Publication Date

2014

Document Type

Dissertation/Thesis

First Advisor

Zinger, Donald S.

Degree Name

M.S. (Master of Science)

Department

Department of Electrical Engineering

LCSH

Light emitting diodes--Power supply||Electrical engineering||Electrical engineering

Abstract

LEDs are the most efficient way to turn an electric current into illumination. Connecting LEDs in either series or parallel is considered to be an option for better lighting and various other applications. Generally, when a large number of LEDs are considered, a parallel connection is opted. Connecting LEDs in parallel leads to current sharing problems as a result different currents flow in different branches. There are many ways in which current sharing problem in parallel connected LEDs can be solved. One such method is magnetic circuit wherein magnetically coupled inductors help resolve the current sharing problem. This thesis proposes a driver circuit for the magnetic circuit of LEDs.||The LED driver is an electronic circuit that provides the LEDs with required power from the source. There are many sources of unneeded energy dissipation in the LED driver circuit. Inefficiencies in the inductors, such as eddy currents and winding resistance, are partially to blame. On the other hand, energy dissipation is primarily due to static and switching losses in the MOSFET. Static losses are due to the on resistance of the MOSFET, and can be decreased with specialty MOSFETs but never eliminated. When a MOSFET dissipates energy due to switching, it is said to be "hard switched". And thus it leads to energy losses. Hence, in order to increase the output and overall efficiency of the magnetic circuit of LEDs, soft switching is desired. This thesis proposed a soft switching circuit to decrease the switching losses and thus to increase the efficiency in the system.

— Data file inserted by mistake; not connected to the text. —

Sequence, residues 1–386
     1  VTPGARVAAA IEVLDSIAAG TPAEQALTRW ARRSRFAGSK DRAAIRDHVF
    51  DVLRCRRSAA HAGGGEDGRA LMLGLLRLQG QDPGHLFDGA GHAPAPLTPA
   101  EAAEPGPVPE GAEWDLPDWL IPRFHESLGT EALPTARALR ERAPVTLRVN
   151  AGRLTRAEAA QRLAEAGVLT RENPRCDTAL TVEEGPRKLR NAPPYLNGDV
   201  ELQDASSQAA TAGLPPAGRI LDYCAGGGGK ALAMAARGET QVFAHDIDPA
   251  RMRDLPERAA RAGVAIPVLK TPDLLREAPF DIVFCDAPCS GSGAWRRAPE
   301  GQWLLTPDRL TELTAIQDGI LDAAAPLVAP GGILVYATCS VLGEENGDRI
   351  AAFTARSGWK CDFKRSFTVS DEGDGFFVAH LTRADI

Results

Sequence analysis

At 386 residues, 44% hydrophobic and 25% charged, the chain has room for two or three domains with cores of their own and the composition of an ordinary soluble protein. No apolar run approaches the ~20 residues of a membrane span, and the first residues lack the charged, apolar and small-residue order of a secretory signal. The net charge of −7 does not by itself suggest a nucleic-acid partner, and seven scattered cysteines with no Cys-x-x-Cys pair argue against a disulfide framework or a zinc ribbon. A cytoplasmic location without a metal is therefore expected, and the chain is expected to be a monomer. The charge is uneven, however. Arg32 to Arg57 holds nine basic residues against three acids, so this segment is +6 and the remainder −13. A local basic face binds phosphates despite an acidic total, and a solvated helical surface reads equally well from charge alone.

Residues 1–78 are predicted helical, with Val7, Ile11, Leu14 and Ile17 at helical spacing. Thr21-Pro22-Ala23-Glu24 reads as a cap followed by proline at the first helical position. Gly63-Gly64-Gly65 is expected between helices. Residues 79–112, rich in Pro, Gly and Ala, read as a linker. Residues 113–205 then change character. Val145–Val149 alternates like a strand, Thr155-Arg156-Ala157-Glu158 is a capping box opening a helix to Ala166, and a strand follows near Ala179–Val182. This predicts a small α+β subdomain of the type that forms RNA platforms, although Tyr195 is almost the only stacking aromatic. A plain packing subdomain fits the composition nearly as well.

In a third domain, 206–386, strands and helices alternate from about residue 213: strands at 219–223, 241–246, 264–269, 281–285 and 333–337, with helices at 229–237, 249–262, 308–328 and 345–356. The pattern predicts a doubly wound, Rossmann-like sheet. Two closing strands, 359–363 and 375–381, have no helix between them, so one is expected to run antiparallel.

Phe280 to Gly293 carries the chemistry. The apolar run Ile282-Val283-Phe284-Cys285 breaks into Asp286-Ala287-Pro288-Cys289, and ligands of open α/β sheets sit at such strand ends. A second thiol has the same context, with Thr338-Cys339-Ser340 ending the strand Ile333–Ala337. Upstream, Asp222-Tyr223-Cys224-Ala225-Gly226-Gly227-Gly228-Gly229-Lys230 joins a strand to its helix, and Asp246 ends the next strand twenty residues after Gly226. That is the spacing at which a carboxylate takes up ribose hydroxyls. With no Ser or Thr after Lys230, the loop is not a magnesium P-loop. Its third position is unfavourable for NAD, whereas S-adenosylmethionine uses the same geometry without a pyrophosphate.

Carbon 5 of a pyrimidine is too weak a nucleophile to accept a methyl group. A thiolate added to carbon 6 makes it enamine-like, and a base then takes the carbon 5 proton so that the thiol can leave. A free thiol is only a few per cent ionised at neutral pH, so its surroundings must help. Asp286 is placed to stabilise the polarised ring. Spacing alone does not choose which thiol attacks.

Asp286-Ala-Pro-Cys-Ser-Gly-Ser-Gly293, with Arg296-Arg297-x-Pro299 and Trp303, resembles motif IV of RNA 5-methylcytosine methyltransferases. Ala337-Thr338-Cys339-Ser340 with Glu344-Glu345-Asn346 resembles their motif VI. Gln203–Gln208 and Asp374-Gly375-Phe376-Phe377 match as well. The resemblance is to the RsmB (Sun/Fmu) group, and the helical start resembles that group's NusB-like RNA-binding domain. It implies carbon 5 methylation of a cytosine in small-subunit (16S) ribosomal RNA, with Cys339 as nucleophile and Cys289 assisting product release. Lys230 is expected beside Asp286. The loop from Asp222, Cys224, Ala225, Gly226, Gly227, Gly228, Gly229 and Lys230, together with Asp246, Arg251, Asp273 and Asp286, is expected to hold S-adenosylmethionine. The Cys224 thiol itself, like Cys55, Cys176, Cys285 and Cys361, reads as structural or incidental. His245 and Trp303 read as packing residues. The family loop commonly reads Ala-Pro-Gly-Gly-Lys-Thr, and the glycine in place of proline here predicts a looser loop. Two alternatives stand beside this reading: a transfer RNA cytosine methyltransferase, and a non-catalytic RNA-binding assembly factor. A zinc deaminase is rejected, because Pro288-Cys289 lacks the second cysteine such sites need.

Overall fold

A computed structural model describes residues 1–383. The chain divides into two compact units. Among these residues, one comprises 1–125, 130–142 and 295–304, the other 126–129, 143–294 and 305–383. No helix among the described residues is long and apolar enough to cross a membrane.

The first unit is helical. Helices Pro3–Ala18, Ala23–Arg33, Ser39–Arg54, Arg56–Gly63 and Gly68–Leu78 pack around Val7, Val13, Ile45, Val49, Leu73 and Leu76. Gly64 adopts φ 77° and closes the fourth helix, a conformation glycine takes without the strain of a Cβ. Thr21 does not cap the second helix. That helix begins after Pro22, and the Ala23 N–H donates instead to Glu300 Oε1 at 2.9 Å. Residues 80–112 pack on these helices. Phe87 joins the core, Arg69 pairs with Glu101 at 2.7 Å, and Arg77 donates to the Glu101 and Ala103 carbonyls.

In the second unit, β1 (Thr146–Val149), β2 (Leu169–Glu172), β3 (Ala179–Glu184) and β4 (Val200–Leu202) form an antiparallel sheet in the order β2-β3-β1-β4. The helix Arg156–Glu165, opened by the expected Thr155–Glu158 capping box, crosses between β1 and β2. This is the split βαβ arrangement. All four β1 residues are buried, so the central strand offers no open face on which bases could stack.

Comments

Advisors: Donald Zinger.||Committee members: Mansour Tahernezhadi; Peng Woo.

Extent

60 pages

Language

eng

Publisher

Northern Illinois University

Rights Statement

In Copyright

Rights Statement 2

NIU theses are protected by copyright. They may be viewed from Huskie Commons for any purpose, but reproduction or distribution in any format is prohibited without the written permission of the authors.

Media Type

Text

Share

COinS